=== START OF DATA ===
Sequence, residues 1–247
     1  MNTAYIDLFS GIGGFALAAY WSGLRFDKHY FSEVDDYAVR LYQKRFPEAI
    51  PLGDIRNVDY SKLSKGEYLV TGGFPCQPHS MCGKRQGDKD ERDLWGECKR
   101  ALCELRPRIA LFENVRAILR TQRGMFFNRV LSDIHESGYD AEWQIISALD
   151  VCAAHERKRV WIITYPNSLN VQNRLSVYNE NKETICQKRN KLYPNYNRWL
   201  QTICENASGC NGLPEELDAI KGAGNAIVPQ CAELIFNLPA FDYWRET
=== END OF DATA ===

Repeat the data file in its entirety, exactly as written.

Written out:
Sequence, residues 1–247
     1  MNTAYIDLFS GIGGFALAAY WSGLRFDKHY FSEVDDYAVR LYQKRFPEAI
    51  PLGDIRNVDY SKLSKGEYLV TGGFPCQPHS MCGKRQGDKD ERDLWGECKR
   101  ALCELRPRIA LFENVRAILR TQRGMFFNRV LSDIHESGYD AEWQIISALD
   151  VCAAHERKRV WIITYPNSLN VQNRLSVYNE NKETICQKRN KLYPNYNRWL
   201  QTICENASGC NGLPEELDAI KGAGNAIVPQ CAELIFNLPA FDYWRET